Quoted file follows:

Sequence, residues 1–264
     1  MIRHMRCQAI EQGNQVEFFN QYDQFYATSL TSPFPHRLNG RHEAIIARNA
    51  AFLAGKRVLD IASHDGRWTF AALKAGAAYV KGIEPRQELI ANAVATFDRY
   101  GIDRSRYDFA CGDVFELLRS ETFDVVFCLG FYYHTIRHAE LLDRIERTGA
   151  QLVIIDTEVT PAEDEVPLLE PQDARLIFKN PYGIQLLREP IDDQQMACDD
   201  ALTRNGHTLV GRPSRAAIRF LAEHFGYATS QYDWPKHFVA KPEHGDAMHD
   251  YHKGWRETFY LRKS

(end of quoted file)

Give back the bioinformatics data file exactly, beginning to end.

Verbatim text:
Sequence, residues 1–264
     1  MIRHMRCQAI EQGNQVEFFN QYDQFYATSL TSPFPHRLNG RHEAIIARNA
    51  AFLAGKRVLD IASHDGRWTF AALKAGAAYV KGIEPRQELI ANAVATFDRY
   101  GIDRSRYDFA CGDVFELLRS ETFDVVFCLG FYYHTIRHAE LLDRIERTGA
   151  QLVIIDTEVT PAEDEVPLLE PQDARLIFKN PYGIQLLREP IDDQQMACDD
   201  ALTRNGHTLV GRPSRAAIRF LAEHFGYATS QYDWPKHFVA KPEHGDAMHD
   251  YHKGWRETFY LRKS